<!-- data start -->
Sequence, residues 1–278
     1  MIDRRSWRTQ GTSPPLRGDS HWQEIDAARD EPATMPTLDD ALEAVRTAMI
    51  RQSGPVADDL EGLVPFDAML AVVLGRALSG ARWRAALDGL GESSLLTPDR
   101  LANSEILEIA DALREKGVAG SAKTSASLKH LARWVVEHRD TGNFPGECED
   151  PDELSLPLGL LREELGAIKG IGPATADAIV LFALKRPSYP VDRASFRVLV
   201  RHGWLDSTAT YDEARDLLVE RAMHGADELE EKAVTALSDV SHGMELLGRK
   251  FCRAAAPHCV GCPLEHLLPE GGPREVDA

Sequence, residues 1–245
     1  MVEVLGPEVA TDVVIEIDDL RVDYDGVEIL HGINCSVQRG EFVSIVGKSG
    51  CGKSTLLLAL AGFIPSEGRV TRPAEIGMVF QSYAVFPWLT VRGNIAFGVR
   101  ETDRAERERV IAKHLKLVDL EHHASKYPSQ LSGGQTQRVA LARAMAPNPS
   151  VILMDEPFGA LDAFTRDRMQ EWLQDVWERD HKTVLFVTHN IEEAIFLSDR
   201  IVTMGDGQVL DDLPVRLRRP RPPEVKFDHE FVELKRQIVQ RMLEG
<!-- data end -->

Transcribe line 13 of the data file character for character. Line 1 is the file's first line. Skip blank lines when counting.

   201  IVTMGDGQVL DDLPVRLRRP RPPEVKFDHE FVELKRQIVQ RMLEG